The European Commission has officially announced the selection of the Human Brain Project (HBP) as one of its two Future Emerging Technologies (FET) Flagship projects. The new project will federate European efforts to address one of the greatest challenges of modern science: understanding the human brain.
The goal of the Human Brain Project: Pull together all our existing knowledge about the human brain and reconstruct the brain, piece by piece, in supercomputer-based models and simulations. Such models offer the prospect of a new understanding of the human brain and the diseases that affect it, as well as advancing completely new computing and robotic technologies. The European Commission supported this vision, announcing that it has selected the HBP as one of two projects to be funded through the new FET Flagship Program, which supports highly innovative technology.
Federating more than 80 European and international research institutions, the Human Brain Project are slated to continue for ten years (2013-2023). The total cost is estimated at € 1.19 billion, to be supplied from various sources. The project will be coordinated at the Ecole Polytechnique Federale de Lausanne (EPFL), Switzerland, by neuroscientist Prof. Henry Markram and co-directors Profs. Karlheinz Meier of Heidelberg University, Germany, and Richard Frackowiak of Clinique Hospitaliere Universitaire Vaudoise (CHUV) and the University of Lausanne (UNIL).
Israeli scientists have been involved in the Project from its inception; their significant role is testament to the high position Israeli science holds at the forefront of international brain research. Indeed, Markram, the Project leader, is an alumnus of the Weizmann Institute's Feinberg Graduate School who completed his Ph.D. research in the Institute's Neurobiology Department and later served on its faculty before moving to Lausanne.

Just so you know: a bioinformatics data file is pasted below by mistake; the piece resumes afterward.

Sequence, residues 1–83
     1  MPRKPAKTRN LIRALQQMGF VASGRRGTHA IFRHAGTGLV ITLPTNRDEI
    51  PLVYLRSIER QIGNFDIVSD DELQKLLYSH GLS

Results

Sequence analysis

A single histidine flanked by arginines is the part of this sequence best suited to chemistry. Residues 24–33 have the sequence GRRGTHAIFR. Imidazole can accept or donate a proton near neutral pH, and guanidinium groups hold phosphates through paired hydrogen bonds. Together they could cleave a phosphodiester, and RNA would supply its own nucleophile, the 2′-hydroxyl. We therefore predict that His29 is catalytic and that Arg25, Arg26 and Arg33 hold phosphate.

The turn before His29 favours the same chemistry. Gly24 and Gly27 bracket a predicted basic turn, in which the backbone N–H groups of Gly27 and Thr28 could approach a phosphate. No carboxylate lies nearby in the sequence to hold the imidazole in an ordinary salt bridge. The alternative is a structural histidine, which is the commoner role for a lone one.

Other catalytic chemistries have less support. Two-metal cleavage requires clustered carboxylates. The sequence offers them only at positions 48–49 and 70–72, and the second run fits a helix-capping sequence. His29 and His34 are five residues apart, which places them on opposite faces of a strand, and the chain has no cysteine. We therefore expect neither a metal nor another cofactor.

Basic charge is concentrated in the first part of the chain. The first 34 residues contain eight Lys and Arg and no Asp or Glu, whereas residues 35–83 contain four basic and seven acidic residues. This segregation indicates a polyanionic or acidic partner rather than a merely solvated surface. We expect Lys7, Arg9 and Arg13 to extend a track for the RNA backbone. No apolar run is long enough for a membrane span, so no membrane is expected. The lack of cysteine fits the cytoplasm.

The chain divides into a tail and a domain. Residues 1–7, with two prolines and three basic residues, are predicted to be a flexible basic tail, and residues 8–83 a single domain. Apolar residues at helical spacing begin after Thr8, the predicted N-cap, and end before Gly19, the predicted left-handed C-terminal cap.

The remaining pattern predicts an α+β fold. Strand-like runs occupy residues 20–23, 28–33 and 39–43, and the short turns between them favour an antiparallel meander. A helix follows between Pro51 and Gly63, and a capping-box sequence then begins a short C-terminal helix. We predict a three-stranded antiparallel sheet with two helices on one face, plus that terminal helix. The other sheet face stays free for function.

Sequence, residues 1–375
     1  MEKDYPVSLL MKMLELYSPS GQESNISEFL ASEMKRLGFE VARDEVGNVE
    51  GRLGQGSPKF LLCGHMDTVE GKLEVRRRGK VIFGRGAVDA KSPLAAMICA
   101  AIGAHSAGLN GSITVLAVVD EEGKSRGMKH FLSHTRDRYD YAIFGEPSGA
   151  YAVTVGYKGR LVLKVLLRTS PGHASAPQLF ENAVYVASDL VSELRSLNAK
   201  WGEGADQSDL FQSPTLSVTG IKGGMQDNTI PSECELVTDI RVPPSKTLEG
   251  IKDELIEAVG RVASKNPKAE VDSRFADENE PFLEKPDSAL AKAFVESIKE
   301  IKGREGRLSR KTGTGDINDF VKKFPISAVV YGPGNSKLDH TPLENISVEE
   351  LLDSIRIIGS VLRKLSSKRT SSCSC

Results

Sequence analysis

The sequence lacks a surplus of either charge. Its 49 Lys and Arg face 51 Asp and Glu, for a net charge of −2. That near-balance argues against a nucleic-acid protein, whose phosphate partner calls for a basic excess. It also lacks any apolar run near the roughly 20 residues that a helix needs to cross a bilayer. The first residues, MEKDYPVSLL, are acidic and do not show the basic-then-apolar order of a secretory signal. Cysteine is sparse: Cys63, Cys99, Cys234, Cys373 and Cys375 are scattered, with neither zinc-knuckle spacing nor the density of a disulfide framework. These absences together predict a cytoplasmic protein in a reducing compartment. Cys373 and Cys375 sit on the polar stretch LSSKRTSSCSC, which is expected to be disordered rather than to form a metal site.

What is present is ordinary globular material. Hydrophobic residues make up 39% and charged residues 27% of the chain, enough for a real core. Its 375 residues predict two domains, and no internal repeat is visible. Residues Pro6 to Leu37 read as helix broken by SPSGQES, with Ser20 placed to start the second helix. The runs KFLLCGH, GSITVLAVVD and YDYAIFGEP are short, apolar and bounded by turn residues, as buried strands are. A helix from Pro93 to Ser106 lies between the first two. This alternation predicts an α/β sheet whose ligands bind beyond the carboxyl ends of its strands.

Additional research groups may join as the HBP initiates an open call for further research projects. The scientific coordinators of the Israeli section of the HBP are Prof. Idan Segev of the Hebrew University of Jerusalem and Prof. Yadin Dudai of the Weizmann Institute of Science. Dr. Mira Marcus-Kalish of Tel-Aviv University will coordinate medical data mining.
The selection of the Human Brain Project as a FET Flagship is the result of more than three years of preparation and a rigorous, multi-stage evaluation by an independent panel chosen by the European Commission. In the coming months, the partners will negotiate a detailed agreement with the Community for the initial first two-and-a-half-year ramp-up phase ("testing" that will go until mid-2016). The project will begin working in the closing months of 2013.
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Weizmann Institute Publications and Media Relations Department 972-8-934-3856
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Tel Aviv University Spokesman's Office: 972-3-640-8983, 972-3-640-5050
The Weizmann Institute of Science in Rehovot, Israel, is one of the world's top-ranking multidisciplinary research institutions. Noted for its wide-ranging exploration of the natural and exact sciences, the Institute is home to 2,700 scientists, students, technicians and supporting staff. Institute research efforts include the search for new ways of fighting disease and hunger, examining leading questions in mathematics and computer science, probing the physics of matter and the universe, creating novel materials and developing new strategies for protecting the environment.
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